EBay Trademark Suit Is The Real Thing

There are good deals on eBay, but most deals on Tiffany jewelry are too good to be true.

Tiffany & Co. alleges that the majority of so-called Tiffany items sold by the online marketplace are bogus. In a suit filed June 18, 2004, the company charges that eBay facilitates and participates in counterfeiting and trademark infringement of Tiffany’s trademarks.

The suit comes at a time when online auctions top the list of online fraud complaints, at 12 percent, according to information from the U.S. Federal Trade Commission.

According to Tiffany, trademark infringement and counterfeiting in the United States exceed $200 billion annually, with around $30 billion worldwide, or 10 percent of the total counterfeit market, trafficked online.

In April 2003, the Federal Bureau of Investigation arrested several members of a counterfeiting ring in New York City that was selling counterfeit Tiffany merchandise on eBay. In 2002, Tiffany obtained a civil seizure against another company selling counterfeit jewelry on the site.

Tiffany charged that tens of thousands of counterfeit Tiffany items are sold on eBay each year, with the marketplace raking in hundreds of thousands of dollars from the sales.

Moreover, eBay features the Tiffany brand on its front pages and buys keyword advertising on Google and Yahoo touting low prices on Tiffany wares, the suit said.

Tiffany’s position is that eBay’s provision of the trading platform, as well as advertising of the brand, actively encourages the sale of counterfeit merchandise by suggesting that the items in question are genuine Tiffany goods.

The company sued after requests, beginning in 2003, for eBay to stop advertising and enabling the sale of the counterfeits. When two employees Tiffany employees policed the eBay site and found over 19,000 auctions of phony goods, eBay did remove the auctions.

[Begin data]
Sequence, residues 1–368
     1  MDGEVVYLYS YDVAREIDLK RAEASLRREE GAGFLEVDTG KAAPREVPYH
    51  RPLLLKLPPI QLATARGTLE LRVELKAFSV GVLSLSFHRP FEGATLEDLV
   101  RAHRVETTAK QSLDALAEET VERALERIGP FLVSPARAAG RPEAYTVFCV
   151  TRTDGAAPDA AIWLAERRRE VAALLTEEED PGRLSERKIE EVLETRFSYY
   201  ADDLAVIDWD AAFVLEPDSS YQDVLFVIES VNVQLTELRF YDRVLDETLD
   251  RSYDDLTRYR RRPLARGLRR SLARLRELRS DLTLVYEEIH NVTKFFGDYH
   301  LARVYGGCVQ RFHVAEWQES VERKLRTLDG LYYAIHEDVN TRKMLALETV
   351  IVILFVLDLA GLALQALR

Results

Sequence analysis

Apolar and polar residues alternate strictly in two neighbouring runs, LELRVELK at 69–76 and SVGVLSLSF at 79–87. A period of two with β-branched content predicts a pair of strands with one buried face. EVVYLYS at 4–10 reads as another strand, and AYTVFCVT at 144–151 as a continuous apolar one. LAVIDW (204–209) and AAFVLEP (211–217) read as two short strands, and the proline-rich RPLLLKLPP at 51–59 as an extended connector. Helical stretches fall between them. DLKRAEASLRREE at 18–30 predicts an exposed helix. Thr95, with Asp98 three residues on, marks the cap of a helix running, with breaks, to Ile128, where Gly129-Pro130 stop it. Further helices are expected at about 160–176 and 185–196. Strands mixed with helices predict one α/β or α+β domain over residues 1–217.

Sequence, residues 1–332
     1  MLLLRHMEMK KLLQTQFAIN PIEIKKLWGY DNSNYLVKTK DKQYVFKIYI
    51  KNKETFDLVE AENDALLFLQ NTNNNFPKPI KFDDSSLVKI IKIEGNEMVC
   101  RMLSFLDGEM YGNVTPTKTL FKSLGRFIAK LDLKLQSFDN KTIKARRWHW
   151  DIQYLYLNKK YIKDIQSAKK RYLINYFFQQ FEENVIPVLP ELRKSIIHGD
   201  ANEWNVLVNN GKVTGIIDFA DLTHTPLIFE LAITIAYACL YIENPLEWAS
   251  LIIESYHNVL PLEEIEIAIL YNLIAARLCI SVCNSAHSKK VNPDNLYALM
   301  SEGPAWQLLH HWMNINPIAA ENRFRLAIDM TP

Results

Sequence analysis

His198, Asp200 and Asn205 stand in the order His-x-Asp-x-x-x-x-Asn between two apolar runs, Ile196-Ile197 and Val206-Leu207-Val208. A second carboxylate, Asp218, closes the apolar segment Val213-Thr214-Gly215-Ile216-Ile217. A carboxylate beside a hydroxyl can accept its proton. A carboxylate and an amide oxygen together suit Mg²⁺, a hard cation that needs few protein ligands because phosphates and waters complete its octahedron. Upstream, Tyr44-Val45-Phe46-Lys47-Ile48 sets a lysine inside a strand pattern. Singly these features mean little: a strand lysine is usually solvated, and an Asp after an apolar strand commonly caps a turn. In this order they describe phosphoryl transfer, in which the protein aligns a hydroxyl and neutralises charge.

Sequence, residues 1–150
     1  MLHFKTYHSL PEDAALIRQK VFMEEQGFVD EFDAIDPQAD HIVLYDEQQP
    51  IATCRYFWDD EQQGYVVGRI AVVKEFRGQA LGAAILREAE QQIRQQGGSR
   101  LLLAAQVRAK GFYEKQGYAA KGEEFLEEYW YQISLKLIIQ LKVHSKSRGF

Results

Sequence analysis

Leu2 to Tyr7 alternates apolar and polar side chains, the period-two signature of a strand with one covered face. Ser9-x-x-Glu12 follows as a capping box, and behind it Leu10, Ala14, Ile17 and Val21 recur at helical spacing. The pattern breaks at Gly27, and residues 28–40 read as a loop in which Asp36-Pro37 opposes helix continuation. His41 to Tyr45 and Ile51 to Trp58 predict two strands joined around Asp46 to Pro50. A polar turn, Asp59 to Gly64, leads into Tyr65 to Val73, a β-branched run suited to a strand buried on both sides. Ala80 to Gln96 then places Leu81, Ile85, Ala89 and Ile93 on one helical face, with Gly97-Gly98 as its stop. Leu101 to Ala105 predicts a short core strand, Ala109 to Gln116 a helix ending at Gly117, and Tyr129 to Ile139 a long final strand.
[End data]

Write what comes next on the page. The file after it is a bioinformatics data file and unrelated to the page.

In its initial response to the complaint, filed on October 1 2004, eBay denied all the charges. The company didn’t respond to requests for comment, but a spokesman yesterday told the New York Times that because eBay never takes possession of goods sold on the site, it has no way of telling whether something is genuine or not.

That defense may not hold up in court, according to Lee Bromberg, a trademark specialist with the law firm Bromberg & Sunstein.

“That has been eBay’s position whenever it’s gotten entangled in one of these –and we’re seeing increasing ferment about fakes being sold on eBay,” he told internetnews.com. “There may be factual circumstances in which that is true, but there also may be circumstances in which they have more responsibility.”

According to Bromberg, trials of cases like this one are fact-intensive; there are no marketplace generalities to be applied.

The extent of eBay’s liability for contributing to the sale of bogus merchandise will depend on whether, in individual cases, the online marketplace could have or should have known it was helping to traffic fakes.

“They can’t just say, ‘Throw this case out, because we’re just a marketplace.’ That’s not going to work,” Bromberg said.

Tiffany said it had notified eBay that any lots of more than five items were likely fakes.

The case has fallen behind schedule; expert reports were to have been served by December 9, 2005, but none have yet been filed with the court.

In its most recent quarterly earnings statement, filed January 18, eBay reported net revenues of $1.329 billion.

A search of eBay’s site on Tuesday showed 7905 Tiffany items for sale.

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